To manage that effectively, we have to move data management to the cloud and ride this IT wave of transferring data from on-premise to central computation power as a service. A complete new technology paradigm and business model for the security industry will evolve over time and make IoT scalable.

In this scenario you can use the centralized and virtually endless brain power of cloud computing to make that distributed and decentralized video-integrated solution act like one system in a private or public cloud connecting all types of intelligent sensors in the network.

On top of the cloud of endless data will be analytics to analyze patterns – especially relating to human behavior, process optimization and interactions. This is key to generating the insights needed to optimize business and understand customers.

Q: What are some of the challenges facing security players in the midst of IoT, and how can they be overcome?

A: The video surveillance industry will eventually converge with IoT and cloud technologies which is currently challenged by the network bandwidth, but we predict that over the next few years we will move towards widespread fiber adoption. Today we have 25% fiber coverage in the US – this adoption curve will break mainstream over the next two years with the current investment pace. That will create the tipping point for wider adoption of Video Software as a Service (VSaaS) in our industry.

Another challenge is that at present, the Internet and the majority of IT networks are metadata structures that are characterized by immature management. Basically this means that sophisticated protocols that would allow for automatic connection to a network are not in place. Connections still need to be made, in the same way that we connect devices to the Internet now. And this is not always as easy as many people might think. Often this would need to be through an encrypted wireless channel – which of course requires that each device is approved and allowed on the network. Things change rapidly, so those protocols may be in place quicker than we can imagine.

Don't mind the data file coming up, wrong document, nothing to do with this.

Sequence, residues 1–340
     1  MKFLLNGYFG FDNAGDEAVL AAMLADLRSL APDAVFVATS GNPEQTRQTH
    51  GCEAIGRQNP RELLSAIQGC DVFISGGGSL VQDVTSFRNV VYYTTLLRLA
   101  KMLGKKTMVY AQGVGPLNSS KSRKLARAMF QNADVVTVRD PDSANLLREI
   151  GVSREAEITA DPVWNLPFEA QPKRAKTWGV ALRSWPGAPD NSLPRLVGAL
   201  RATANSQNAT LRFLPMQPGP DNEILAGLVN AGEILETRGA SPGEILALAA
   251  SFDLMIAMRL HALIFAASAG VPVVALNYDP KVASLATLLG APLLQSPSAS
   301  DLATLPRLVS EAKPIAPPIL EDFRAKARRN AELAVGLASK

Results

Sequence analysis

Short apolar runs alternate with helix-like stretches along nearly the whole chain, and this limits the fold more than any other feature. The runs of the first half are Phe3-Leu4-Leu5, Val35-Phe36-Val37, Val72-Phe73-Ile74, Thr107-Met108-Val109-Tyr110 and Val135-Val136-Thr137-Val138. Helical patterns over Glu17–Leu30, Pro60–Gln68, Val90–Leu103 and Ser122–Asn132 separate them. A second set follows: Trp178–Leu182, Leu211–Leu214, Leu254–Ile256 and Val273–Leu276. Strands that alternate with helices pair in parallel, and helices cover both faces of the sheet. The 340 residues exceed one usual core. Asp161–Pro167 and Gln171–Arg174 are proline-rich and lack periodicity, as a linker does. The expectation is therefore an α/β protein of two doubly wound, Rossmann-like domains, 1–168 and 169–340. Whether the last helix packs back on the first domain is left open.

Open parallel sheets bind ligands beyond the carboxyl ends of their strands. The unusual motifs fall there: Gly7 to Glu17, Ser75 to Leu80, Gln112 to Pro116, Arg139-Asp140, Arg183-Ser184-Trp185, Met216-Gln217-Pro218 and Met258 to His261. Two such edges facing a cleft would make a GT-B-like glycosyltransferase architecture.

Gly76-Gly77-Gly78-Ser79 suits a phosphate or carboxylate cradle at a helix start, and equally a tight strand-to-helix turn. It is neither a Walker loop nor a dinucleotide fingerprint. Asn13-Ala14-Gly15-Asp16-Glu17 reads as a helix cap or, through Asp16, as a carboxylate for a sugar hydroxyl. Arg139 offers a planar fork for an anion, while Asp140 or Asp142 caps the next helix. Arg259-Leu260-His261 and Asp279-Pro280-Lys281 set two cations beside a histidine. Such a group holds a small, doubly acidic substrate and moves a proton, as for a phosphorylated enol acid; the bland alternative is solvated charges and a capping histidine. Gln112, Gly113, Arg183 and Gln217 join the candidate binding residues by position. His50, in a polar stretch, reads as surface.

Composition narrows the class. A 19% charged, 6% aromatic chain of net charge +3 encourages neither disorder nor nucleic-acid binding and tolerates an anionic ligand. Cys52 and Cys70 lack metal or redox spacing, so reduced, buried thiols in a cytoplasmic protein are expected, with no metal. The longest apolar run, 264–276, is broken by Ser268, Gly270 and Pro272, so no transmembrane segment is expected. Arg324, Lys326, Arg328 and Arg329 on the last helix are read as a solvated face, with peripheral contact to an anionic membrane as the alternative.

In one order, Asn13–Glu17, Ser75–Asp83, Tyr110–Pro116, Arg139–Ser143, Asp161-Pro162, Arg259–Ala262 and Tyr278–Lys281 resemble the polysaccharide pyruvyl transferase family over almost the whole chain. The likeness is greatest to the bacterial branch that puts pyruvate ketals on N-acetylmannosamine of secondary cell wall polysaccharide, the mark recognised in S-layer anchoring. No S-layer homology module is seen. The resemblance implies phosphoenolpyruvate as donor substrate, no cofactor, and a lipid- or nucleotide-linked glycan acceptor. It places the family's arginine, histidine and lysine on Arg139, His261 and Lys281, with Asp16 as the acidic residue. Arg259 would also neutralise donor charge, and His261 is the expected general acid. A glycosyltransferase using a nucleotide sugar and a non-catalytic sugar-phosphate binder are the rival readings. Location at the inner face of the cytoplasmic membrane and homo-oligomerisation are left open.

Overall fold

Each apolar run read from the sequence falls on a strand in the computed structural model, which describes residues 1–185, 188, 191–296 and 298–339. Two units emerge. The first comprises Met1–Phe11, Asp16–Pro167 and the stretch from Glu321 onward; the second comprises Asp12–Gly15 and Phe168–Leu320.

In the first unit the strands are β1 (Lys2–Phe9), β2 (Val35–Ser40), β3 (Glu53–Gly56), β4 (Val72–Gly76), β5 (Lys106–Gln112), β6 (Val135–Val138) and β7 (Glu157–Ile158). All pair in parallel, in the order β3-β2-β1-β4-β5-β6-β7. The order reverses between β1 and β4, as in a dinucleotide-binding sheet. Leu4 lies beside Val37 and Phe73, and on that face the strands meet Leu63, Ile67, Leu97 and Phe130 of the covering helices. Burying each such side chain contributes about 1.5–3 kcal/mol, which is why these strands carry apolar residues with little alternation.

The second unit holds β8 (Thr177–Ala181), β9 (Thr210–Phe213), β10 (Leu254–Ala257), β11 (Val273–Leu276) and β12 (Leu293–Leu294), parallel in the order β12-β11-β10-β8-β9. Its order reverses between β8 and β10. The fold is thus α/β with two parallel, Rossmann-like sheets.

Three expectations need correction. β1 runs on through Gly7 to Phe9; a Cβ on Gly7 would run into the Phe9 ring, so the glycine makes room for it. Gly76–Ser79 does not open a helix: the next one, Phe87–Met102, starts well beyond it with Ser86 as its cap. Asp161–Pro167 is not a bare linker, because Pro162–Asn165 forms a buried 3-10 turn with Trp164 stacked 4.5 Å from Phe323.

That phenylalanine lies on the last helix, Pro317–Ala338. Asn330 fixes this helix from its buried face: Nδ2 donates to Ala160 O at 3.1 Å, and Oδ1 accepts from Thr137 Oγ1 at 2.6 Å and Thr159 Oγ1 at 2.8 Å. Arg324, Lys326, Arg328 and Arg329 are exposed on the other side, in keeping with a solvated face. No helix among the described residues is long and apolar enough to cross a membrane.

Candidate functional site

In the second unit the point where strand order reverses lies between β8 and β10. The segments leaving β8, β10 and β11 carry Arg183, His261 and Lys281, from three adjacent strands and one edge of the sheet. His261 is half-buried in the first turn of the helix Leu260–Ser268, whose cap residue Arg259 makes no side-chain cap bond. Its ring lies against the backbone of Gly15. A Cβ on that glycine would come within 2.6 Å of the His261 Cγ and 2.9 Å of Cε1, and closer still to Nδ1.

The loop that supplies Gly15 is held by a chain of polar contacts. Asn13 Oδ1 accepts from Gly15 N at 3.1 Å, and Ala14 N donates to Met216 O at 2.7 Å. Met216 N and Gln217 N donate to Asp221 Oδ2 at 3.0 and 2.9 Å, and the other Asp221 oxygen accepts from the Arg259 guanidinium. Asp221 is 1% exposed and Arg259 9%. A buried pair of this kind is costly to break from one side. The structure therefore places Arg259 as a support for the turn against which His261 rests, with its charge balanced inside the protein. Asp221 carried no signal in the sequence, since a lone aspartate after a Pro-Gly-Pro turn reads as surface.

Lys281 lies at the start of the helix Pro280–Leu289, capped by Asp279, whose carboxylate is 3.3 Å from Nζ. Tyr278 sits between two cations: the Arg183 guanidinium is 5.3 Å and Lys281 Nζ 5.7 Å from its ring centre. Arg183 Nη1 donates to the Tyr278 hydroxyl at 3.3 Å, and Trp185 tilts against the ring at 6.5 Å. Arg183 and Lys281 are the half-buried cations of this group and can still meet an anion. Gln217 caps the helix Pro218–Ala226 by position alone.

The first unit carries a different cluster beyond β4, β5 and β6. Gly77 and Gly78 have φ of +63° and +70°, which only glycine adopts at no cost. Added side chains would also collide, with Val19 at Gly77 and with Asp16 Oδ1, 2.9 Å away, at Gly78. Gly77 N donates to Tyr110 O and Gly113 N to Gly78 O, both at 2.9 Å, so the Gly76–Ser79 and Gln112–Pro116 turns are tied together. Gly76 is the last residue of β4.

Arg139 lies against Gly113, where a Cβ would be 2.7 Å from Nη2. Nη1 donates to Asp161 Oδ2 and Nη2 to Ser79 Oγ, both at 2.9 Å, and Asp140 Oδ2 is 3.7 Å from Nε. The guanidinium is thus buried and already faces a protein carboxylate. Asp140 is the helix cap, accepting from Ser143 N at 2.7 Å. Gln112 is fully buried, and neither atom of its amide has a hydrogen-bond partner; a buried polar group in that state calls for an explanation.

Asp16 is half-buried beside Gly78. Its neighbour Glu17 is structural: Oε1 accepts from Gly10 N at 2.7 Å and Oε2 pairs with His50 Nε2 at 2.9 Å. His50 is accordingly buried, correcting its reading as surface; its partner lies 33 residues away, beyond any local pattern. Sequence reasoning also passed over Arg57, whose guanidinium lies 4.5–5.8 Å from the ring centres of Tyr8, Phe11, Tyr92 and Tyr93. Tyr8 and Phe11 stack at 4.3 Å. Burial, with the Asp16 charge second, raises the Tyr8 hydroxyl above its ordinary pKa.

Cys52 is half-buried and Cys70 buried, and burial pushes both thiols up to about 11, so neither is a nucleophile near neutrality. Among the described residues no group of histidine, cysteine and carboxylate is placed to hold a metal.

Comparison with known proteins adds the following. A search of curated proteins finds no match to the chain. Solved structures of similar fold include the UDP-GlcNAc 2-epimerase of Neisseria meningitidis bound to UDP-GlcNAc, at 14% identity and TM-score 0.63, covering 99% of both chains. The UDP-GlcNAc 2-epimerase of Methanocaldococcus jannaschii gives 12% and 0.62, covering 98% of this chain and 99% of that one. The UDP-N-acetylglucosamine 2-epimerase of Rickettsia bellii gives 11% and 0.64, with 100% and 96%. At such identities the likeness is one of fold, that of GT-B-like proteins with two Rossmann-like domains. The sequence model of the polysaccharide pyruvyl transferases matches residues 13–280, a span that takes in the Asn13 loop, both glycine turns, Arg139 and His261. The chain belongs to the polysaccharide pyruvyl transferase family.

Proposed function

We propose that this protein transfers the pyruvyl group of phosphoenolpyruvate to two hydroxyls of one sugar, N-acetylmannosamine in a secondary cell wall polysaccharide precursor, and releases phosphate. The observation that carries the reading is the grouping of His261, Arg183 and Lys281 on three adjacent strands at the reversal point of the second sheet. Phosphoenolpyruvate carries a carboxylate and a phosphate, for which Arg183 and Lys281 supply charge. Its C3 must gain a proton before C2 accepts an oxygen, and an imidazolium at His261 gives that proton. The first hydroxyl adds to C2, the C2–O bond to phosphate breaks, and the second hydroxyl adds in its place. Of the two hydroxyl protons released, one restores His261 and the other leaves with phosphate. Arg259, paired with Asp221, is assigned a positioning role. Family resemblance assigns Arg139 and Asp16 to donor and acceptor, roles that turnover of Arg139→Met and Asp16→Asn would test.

This will all accelerate because the fastest, most pragmatic advances tend to happen when they assist with business processes, and safety/security is a key business process - beyond security in our case.

Q: In your view, how will IoT evolve, and how will security fit into this?

A: We see the Internet of Things evolving in the way that many technology trends do: at present, we’re at the peak of hype, topping the ‘inflated expectations’ curve. We’re still a few years away from the IoT as a pragmatic, productive reality. In the meantime, we see three phases to the technology evolution which will lead to the Internet of Things with VMS in a key role.

The first is the true embrace of edge recording, which is the phase we’re entering now: edge recording with distributed architecture provides an intelligent, bandwidth-friendly system. This requires high-performance intelligent cameras, and as always, cost will be a factor for the edge system’s widespread take-up.

The second phase centers on video cloud computing and the management of big data, which leads into the third phase where the IoT expands market opportunities for systems integrators and manufacturers. Those who understand IP will be in demand for installing and integrating IoT with video at the core to visualize, manage and verify it all.

We can’t imagine a world where this story could work without an open platform, without a strong partner ecosystem including system integrators. The single common thread with all these technologies is connected components working together as an efficient, integrated whole.

Milestone aims to enable, promote, and be a central part of the connected whole adapting to the new marketplace. We have started with Arcus, XProtect and Husky. We put the camera intelligence, the recording data, and basic camera operations on the edge and we enable a distributed system that can ensure the right level of data in the cloud.